When you’re young, your face and neck are plump and supple, making your skin look smooth and taut. Over time, this youthful appearance goes away. Your face loses volume and your skin contours to your bone structure, creating a profile that’s mature, sleek and desirable.
Then gravity starts to take a toll, pulling and tugging on your skin. Under this constant pressure, your skin starts to sag and your facial muscles lose their integrity. The result is a noticeably aged look. Sunken, hollow cheeks become visible. Ring bands form across your neck and jowls come to dominate your once-sleek profile. It’s an unavoidable but disheartening transformation. At least, that used to be the case.
Now, plastic surgery techniques are highly advanced, and new techniques can renew aging facial structures with long-lasting and natural-looking results. By tightening and repositioning your facial muscles and soft tissues with a deep plane facelift, Dr. John P. Freeman of Katy, Texas, can refresh your image, setting the clock back by a decade.
A deep plane facelift is a facelift method that offers long-lasting results. The facelift technique targets the midface region and deep layers of facial muscle, allowing for dramatic improvements. During the procedure, small incisions are made either inside or in front of the ear. Through these incisions, Dr. Freeman cuts and releases ligaments tethering your face to its aging shape. Excess skin is removed, and underlying musculature is tightened and reshaped so that it returns to your youthful facial structure. This method creates a more substantial and longer-lasting effect than traditional facelifts. Deep plane facelifts are performed under general anesthesia and typically take two to three hours.
A deep plane facelift has many cosmetic benefits and has the potential to boost your confidence because it’ll make you appear far many years younger than you are. Many patients happily say they look a decade younger after a deep plane facelift.
Benefits of the deep plane facelift technique include:
Candidates for a deep plane facelift include men and women with noticeable signs of age due to facial sagging and drooping. If you’re considering a deep plane facelift, you should be in good health and have realistic expectations.
SMAS (superficial muscular aponeurotic system) facelift is a popular type of facelift that involves separating the skin from the deep layer of muscles to reposition fat pads and tighten the muscles. A deep plane facelift is a type of SMAS facelift. However, the two differ because, during a deep plane facelift, the skin is not disconnected from the muscles. The natural blood flow to the skin isn’t disrupted during a deep plane facelift because the blood vessels aren’t severed. Some plastic surgeons feel that lifting the muscles and skin as a single unit leads to more natural-looking results.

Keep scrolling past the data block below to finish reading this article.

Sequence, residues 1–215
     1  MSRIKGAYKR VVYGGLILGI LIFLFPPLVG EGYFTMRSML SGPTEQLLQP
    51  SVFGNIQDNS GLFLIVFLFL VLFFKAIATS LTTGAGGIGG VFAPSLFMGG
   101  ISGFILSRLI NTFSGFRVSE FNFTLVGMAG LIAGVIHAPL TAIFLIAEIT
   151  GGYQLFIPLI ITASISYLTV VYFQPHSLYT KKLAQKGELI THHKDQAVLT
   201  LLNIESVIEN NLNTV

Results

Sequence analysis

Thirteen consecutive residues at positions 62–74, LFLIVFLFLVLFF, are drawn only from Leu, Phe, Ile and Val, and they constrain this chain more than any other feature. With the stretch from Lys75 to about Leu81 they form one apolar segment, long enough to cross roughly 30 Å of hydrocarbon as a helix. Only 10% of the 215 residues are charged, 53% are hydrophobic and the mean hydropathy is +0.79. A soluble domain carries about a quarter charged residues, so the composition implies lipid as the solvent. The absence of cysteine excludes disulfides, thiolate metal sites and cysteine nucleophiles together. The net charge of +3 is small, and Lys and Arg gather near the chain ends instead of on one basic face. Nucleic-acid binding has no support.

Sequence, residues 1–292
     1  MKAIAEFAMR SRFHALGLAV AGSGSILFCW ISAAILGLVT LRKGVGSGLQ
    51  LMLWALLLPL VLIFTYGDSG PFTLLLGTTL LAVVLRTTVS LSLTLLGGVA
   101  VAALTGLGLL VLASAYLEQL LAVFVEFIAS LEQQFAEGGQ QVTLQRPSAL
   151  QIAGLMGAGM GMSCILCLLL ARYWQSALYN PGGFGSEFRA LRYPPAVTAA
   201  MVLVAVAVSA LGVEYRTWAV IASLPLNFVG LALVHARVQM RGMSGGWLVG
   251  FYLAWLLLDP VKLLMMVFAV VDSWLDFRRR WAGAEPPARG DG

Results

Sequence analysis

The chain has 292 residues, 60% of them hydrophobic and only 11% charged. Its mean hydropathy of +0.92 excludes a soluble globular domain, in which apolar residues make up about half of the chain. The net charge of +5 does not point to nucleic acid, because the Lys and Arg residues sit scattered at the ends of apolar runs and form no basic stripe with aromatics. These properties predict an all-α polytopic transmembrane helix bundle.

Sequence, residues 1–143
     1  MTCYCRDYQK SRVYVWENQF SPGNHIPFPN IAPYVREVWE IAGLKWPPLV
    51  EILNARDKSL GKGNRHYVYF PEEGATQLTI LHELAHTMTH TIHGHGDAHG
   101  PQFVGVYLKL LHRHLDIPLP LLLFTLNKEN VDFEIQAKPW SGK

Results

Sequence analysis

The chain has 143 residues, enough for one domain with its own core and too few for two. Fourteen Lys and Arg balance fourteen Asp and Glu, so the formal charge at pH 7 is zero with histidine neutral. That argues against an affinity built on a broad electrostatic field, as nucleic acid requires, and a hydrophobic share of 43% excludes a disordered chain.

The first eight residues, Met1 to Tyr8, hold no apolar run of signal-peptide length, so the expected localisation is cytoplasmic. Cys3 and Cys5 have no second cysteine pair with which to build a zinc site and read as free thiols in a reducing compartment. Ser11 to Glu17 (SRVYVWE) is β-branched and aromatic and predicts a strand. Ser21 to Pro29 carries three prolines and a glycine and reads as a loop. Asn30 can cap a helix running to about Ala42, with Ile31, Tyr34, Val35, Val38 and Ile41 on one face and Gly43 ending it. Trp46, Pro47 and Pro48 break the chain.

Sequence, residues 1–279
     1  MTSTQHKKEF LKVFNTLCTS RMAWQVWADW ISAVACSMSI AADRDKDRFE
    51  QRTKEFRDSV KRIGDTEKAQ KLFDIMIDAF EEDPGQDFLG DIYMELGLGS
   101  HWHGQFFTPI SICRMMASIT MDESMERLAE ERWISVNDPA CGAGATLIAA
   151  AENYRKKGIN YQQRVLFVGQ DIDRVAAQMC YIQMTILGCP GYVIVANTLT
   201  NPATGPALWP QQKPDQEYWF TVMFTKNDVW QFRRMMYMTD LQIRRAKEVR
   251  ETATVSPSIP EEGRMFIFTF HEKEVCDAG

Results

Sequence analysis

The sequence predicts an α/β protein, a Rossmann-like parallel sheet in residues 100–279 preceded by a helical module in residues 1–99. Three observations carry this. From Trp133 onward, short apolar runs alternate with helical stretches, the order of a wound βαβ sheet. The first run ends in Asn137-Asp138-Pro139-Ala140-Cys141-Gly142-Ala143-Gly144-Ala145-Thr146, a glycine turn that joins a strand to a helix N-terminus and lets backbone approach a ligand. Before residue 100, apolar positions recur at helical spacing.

The SMAS method also treats only the lower third of the face and jawline, which means it cannot correct drooping cheeks. Often, a SMAS facelift is performed in conjunction with fat grafting to add volume where the facelift alone cannot. Fat grafts in the cheeks can sometimes lead to disappointing results because they can look overfilled. A deep plane facelift is ideal if you seek to correct drooping cheeks, the lower face and the neck in one treatment. Both deep plane facelifts and SMAS facelifts create dramatic results, but a deep plane facelift may be preferable if you seek a treatment that makes beautifully consistent results.
There are potential side effects for any surgery. Side effects that are common after a deep plane facelift include bleeding, swelling and bruising. You may experience discomfort, but you’ll be prescribed pain medication to make you feel as comfortable as possible. Swelling can sometimes last up to three months after surgery. Although the deep plane technique is well known for producing minimal scarring, these scars can take up to 18 months to fade. How quickly you recover after surgery depends on a combination of factors, including your general health, genetics and age.
Hematoma, the pooling of blood beneath the skin, is a more severe potential complication of any facelift technique. Approximately one percent of facelift patients experience the condition, but the risk is minimized if you avoid vigorous exercise during your period of recovery.
Recently, Sonja Morgan of The Real Housewives of New York City posted an Instagram before and after selfie showing off the results of her deep plane facelift. Her results are outstanding. Her neck no longer has visible lines. Her cheeks and chin look sleek and youthful, with an elevated position and elegant contours. Her nasolabial folds are far less noticeable. Her plastic surgeon used the deep plane facelift technique, “which goes under the muscle so your skin is still attached,” she wrote in her post. “Your blood flows and your face stays vibrant and heals fast.”
Morgan’s results are exceptional and shave years off her appearance. With a deep plane facelift, you, too, can experience these beautiful results.
Your beautifully contoured facial structures gradually sag as you age, creating a profile that’s dull, unappealing and, well, aged. It’s natural, but that doesn’t mean you have to live with it — it’s entirely possible to turn back the clock by having your lifted facial contours and taut skin restored with a deep plane facelift. Dr. Freeman of Katy, TX, is an expert in facial anatomy and aesthetics who can dramatically improve your image, restoring a vibrant, beautiful and youthful appearance.
If you’re interested in learning more about a deep plane facelift and would like to schedule a consultation with Dr. Freeman, please contact us at 281-599-9445 or visit our contact page.